A Fistful of Cabernet: Enter the Super Tuscans (May 21, 2013)
Yes, Virginia, there are cowboys in Italy. In Maremma, that swath of land that stretches along the coastal plain encompassing Tuscany and Lazio, you'll find the butteri. These cowpokes ride Western-style saddles with long stirrups and wear chaps made of goat's skin. They wrangle the elegant breed of long-horned Maremmana cattle that graze the Tuscan prairie. The open pastures here were once mosquito-infested marshlands that were drained during the Mussolini era.
Maremma is famous for its beaches that sweep for miles along the turquoise and emerald waters of the Ligurian and Tyrrhenian Seas, a favourite vacationing spot for Romans. But the region is also gaining a reputation among wine lovers as a place where some of Italy's finest wines are being produced. It is the home of the first Super-Tuscan wine, Sassicaia.
The name Sassicaia comes from the Italian sasso, meaning "stone," which speaks to the soil in which this Cabernet Sauvignon and Cabernet Franc blend is grown. Sassicaia was first produced in 1948 by Marchese Mario Incisa della Rochetta purely for his family's consumption. The Marchese, who bred horses, owned what many consider to be the greatest race horse of all times – Ribot (1952–1972). This British-bred and Italian-trained thoroughbred was never defeated in 16 races over all distances.
There was a rumour that the Cabernet vines planted in the vineyard of Tenuta San Guido, the Sassiacaia estate, originally came from Château Lafite-Rothschild in Bordeaux; but that legend was put to rest by Mario's son, Nicolò, the current owner of the property, who acknowledged that the vines were raised from "cuttings from 50-year-old vines from a friend's estate near Pisa." For twenty-three years Sassicaia was the family's "house wine" until Nicolò and his cousin Marchese Piero Antinori convinced Mario to put the wine on the market. The 1968 vintage, released in 1971, was an instant success and created the concept of Super-Tuscan, a wine that is made from grapes not sanctioned by the local DOCG (Denominazione di Origine Controllata e Garantita) regulations.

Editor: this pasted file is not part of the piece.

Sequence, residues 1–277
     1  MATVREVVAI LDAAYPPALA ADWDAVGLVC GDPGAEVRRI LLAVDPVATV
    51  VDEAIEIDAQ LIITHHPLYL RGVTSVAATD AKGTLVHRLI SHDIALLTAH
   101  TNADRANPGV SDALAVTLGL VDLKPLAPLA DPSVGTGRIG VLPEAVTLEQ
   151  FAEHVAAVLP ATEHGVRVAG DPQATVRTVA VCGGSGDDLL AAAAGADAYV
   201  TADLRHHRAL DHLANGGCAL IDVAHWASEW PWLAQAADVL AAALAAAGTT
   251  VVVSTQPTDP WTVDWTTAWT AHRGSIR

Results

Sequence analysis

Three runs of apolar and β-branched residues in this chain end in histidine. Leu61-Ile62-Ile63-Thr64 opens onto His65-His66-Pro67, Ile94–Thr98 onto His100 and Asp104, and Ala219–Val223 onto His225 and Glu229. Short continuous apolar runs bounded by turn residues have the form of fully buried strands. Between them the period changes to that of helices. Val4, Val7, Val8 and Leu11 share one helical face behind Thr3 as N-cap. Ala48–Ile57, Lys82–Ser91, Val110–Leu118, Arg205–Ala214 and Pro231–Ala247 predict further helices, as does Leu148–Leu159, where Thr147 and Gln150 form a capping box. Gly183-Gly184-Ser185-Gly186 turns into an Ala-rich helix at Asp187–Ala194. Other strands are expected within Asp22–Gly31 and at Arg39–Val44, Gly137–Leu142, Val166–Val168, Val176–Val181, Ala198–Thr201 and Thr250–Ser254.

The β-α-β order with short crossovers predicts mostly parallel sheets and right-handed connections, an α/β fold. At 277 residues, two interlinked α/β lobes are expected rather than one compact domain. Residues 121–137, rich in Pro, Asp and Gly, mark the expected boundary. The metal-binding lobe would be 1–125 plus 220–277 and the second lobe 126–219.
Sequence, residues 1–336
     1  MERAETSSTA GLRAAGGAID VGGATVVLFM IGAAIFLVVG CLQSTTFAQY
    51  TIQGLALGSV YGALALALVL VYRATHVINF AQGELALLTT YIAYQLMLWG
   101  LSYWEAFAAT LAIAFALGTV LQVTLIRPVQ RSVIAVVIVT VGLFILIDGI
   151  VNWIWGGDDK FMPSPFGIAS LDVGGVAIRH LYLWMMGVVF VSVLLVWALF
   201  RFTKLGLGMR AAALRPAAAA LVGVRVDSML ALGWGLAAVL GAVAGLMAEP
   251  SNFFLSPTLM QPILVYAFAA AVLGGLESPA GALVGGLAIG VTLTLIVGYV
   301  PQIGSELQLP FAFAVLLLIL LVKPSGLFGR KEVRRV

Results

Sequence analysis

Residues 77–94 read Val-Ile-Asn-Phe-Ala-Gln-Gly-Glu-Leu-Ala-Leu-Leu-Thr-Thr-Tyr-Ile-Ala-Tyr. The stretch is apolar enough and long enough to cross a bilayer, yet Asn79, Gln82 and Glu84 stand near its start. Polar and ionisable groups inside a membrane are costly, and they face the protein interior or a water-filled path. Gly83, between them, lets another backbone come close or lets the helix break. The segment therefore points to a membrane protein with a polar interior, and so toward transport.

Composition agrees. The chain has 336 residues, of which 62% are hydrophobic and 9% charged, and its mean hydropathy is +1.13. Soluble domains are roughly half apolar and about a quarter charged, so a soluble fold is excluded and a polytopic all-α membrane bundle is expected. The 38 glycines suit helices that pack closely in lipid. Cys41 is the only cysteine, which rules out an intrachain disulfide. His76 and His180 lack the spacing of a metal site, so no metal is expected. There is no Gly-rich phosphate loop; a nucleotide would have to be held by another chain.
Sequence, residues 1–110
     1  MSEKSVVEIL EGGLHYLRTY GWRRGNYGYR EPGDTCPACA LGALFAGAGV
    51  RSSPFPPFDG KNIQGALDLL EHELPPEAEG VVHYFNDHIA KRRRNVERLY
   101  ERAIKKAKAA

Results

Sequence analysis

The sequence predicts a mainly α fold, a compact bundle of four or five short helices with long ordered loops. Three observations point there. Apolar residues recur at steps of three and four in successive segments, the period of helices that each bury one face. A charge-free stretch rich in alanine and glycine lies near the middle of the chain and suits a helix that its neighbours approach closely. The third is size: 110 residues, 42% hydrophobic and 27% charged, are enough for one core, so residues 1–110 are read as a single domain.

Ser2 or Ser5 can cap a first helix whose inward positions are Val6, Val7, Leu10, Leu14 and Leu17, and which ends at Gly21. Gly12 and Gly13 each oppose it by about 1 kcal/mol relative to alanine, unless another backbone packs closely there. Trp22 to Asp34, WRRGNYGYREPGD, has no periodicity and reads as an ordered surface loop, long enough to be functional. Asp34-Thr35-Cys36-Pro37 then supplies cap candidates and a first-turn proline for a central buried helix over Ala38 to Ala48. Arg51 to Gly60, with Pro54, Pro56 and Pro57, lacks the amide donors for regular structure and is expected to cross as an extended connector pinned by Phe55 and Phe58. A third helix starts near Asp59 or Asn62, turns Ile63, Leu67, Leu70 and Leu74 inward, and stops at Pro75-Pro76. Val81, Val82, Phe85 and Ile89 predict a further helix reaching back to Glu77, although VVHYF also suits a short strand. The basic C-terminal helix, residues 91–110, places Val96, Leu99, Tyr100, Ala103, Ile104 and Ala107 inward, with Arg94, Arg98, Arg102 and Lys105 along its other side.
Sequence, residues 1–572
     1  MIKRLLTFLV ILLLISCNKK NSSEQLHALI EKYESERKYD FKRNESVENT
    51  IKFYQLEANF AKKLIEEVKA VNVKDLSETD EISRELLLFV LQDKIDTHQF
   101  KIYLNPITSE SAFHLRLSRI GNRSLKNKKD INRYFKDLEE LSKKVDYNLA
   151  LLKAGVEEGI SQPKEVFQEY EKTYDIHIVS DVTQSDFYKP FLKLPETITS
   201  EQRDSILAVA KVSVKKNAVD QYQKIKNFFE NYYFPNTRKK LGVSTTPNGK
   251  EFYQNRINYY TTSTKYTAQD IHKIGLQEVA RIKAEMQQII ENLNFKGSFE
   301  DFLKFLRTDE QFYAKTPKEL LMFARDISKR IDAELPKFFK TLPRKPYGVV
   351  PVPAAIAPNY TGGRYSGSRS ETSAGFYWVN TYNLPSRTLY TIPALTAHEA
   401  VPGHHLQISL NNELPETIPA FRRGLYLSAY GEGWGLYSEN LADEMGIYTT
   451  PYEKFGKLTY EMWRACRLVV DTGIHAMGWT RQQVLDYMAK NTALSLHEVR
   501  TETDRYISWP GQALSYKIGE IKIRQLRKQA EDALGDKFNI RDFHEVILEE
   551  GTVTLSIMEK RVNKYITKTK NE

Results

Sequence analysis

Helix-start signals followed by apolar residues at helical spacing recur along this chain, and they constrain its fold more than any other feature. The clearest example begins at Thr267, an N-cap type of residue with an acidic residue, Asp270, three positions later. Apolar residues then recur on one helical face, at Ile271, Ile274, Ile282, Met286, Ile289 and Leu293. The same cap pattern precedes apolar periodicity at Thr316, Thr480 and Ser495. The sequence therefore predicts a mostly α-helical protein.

It was the same year that Piero Antinori released his wine, Tignanello, which broke the mold of Chianti. Up until this time Chianti had been rigorously based on the original recipe created by Baron Bettino Ricasoli in the mid-nineteenth century: 70% Sangiovese grapes, 15% Canaiolo and 15% Malvasia Bianca. (Ricasoli later became the second prime minister in the Kingdom of Italy, after Cavour). Antinori confounded the industry not only by introducing
20% Cabernet Sauvignon and Cabernet Franc into the blend but by doing away with the white Malvasia grapes entirely. And equally heretical, according to the traditionalists, he and his winemaker Giacomo Tachis fermented their wine in 225-litre French barriques as opposed to the large Slovenian oak casks called botti.
Sassicaia and Tignanello ushered in a whole new era of Italian wines and opened the flood gates for a host of Super-Tuscans that made a mockery of Italian wine law. Since they did not conform to the regulations they could not be labelled with the DOCG or DOC appellations; they had to bear the ignominy of being classified as mere vino da tavola (table wine, the most basic appellation). Which was, of course, absurd since they were exceptionally fine wines marketed at prices that far exceeded Chianti Classico Riservas.
It wasn't until 1992 that the authorities saw the light and instituted a new appellation to cover these wines – IGT (Indicazione geografica tipica). But such was the prestige and importance of Sassicaia that in 1994 the wine was granted its own DOC (Sassicaia DOC) – the only wine from a single estate in Italy to be so honoured.
Maremma also boasts such Cabernet-based Super-Tuscan wines grown around the town of Bolgheri as Solaia, Ornellaia, Guado el Tasso and Matarocchio. These wines may overshadow a delightful style of Maremma Sangiovese that is as easy on the pocketbook as it is on the palate. It's called Morellino di Scansano. Maremma's Morellino is grown on the slopes of the rugged, low-lying hills that look nothing like the manicured hills of the Chianti Classico region between Florence and Siena. Some of the locals will tell you that the name Morellino comes from the colour of the sturdy Maremmano horses ridden by the butteri, but a more plausible explanation would be that it comes from the Morello cherry, which is deep red in colour and has refreshing acidity. And if you taste Morellino di Scansano, the first descriptor that comes to mind is cherries.
The climate in Maremma is warmer than the inland Chianti Classico zone and it receives less rain. The result is that the wines made with Morellino di Scansano – a grape that sounds as delicious as it tastes – have more up-front fruit than Chianti and softer tannins. The white wine of the region that complements Morellino is called Vermentino. But that, as the butteri would say, is a horse of a different colour.